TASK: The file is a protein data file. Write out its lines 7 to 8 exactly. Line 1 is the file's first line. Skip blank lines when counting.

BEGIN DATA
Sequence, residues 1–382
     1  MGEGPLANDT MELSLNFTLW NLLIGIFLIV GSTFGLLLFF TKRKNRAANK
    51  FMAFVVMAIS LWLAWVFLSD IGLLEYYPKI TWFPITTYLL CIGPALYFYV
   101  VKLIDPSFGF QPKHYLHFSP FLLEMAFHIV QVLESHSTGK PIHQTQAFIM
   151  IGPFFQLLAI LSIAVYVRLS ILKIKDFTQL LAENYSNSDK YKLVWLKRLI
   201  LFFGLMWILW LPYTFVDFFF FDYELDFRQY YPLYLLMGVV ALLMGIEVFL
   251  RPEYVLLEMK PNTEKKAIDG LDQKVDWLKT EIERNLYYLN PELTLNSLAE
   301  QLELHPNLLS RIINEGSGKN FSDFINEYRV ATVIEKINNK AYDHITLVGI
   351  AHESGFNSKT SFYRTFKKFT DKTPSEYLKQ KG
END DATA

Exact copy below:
   251  RPEYVLLEMK PNTEKKAIDG LDQKVDWLKT EIERNLYYLN PELTLNSLAE
   301  QLELHPNLLS RIINEGSGKN FSDFINEYRV ATVIEKINNK AYDHITLVGI